So, what is HHS planning to do about short-term health insurance? If the proposal is approved, short-term plans can only be offered for 3 months or less and cannot be renewed. Insurance companies will also have to inform their customers that short-term health insurance does not meet minimum essential coverage guidelines, is not approved by the ACA, and will not make them exempt from paying a tax penalty. Ideally, these changes will make short-term plans fulfill their intended purpose while improving the marketplace risk pool.
Clarifying the Special Enrollment Confirmation Process
Unfortunately, HHS has seen a number of people taking advantage of special enrollment periods (SEPs). To cut back on misuse and ensure those who really need SEPs can still use them, HHS has decided to implement an SEP confirmation process. The new confirmation process would require SEP enrollees to provide documentation proving they are truly eligible. A marriage certificate, for example, would need to be submitted if an SEP was triggered by a recent marriage.
HHS has also clearly defined the 6 limited circumstances that will qualify individuals for a special enrollment period. The qualifying events will now be explained in detail during enrollment. HealthMarkets reviews the 6 circumstances as stated by HHS:
1. The loss of other qualifying coverage—must provide documentation
2. A change in household size due to marriage, birth, or adoption—must provide documentation
3. A permanent change in residence (with limitations)—must provide documentation
4. A change in eligibility for financial assistance (with limitations)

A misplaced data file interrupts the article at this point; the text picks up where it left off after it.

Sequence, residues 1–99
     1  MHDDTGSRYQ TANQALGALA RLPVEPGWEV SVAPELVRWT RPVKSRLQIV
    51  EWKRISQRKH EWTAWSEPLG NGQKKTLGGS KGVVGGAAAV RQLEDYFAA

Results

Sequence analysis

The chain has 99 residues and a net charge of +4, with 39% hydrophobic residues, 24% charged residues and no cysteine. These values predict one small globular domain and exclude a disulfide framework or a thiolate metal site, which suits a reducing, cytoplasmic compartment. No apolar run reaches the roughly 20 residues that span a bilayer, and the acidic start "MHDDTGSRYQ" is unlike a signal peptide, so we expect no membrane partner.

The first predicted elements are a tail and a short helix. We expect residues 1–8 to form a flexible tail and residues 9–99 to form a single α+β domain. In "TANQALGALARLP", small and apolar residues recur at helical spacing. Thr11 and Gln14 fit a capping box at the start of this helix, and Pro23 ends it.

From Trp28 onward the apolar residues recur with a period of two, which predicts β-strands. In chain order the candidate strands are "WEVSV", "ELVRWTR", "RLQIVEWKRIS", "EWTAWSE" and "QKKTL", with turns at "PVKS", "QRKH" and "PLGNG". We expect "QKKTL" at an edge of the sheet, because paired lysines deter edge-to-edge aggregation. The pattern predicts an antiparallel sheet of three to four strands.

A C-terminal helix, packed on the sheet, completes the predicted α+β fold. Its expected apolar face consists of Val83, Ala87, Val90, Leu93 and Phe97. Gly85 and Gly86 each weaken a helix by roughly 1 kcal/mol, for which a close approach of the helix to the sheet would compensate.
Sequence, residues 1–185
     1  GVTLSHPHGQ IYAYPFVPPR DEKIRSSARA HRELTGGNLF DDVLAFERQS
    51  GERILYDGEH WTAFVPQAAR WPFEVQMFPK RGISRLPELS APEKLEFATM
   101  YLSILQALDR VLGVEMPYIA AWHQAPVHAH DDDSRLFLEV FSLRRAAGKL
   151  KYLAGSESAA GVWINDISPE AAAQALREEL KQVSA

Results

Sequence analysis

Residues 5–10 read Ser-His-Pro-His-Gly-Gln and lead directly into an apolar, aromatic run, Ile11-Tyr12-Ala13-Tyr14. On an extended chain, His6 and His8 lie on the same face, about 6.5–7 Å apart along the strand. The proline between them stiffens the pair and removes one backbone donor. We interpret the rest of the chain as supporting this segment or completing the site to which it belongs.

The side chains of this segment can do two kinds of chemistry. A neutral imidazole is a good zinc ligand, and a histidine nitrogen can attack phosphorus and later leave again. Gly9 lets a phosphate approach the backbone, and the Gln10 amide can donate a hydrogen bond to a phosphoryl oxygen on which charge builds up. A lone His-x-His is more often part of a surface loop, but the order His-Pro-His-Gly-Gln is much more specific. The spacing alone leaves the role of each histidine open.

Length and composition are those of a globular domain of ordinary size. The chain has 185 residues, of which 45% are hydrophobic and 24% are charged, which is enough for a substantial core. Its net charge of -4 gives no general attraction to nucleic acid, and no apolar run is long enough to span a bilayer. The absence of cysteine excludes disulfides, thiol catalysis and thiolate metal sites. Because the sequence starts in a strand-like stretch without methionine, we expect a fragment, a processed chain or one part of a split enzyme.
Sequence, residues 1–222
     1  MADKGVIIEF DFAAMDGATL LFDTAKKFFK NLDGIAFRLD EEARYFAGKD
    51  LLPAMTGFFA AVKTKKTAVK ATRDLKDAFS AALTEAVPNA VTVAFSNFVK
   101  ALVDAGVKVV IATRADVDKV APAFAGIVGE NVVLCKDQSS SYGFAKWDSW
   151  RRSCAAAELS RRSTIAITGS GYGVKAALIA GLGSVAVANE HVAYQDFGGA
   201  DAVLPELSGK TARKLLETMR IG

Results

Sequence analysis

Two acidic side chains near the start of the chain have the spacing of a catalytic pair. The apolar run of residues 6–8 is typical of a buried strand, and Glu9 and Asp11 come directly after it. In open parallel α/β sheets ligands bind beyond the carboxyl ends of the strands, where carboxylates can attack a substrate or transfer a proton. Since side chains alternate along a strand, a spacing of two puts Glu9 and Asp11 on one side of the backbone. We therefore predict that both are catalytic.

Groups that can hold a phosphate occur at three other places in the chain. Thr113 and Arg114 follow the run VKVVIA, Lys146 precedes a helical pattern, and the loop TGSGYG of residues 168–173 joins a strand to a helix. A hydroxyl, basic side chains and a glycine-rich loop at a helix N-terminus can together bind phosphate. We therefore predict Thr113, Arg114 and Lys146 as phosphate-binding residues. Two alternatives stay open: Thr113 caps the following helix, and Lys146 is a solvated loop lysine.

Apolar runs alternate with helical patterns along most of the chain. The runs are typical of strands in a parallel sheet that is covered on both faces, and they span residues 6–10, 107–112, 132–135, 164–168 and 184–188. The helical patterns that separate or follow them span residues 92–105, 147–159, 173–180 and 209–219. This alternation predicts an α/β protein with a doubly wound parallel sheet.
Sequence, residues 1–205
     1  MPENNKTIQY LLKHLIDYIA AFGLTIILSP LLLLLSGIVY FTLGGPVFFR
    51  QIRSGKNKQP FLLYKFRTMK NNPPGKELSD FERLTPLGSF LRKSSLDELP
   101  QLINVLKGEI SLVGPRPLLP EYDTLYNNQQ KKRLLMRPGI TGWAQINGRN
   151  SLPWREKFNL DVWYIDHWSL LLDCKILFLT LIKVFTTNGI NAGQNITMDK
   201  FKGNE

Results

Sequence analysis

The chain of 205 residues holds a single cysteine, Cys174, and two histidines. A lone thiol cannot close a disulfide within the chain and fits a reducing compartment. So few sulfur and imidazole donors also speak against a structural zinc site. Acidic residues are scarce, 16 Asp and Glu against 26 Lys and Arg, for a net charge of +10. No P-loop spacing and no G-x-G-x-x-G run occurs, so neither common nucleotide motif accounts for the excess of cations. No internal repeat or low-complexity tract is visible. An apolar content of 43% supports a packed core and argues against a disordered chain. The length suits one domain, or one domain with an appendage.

5. Specific errors made by marketplace or individual plans
6. Other individual cases (like switching between Medicaid and the marketplace)
Updating the Risk Adjustment Program
These changes have less to do with you, the consumer, and more to do with insurance companies, so we’ll keep this HealthMarkets review short. Changes to the risk adjustment program will reward insurance companies for designing products that meet the needs of all customers rather than just the healthy ones. According to HHS, “these changes include better modeling of costs for preventive services, changes to the data update schedule, and earlier reporting of preliminary risk adjustment data where available.” As far as it affects you, the change will better protect your access to multiple, comprehensive options.
Improving the Medicare Transition Process
Once someone turns 65, it is expected that they will end their individual or marketplace coverage and enroll in a Medicare plan. If they don’t, their coverage could raise the overall costs for other enrollees, not to mention that there are financial penalties for waiting too long to sign up for certain parts of Medicare.
HHS plans to help with the transition process. They want to begin contacting enrollees who are nearing 65, providing them with information on how to enroll in Medicare. They would also help Medicare enrollees end their marketplace plans.
Reducing Data Matching Issues
Last but not least, HealthMarkets reviews HHS’s plan to reduce data matching issues. The marketplace predominantly uses electronic data to verify eligibility for coverage and financial assistance. If the electronic data can’t be found, enrollees may be asked to provide additional information. If they do not provide the information or have trouble finding it, their coverage or financial assistance could change or be eliminated completely whether or not they are eligible. Because young, healthy individuals are less likely to complete the data matching process, the risk pool becomes more unstable because of a clerical issue.
Thankfully, this data matching problem is also being worked on. Improvements on both ends of the process (before the issue is generated as well as while the consumer is trying to fix it) look promising.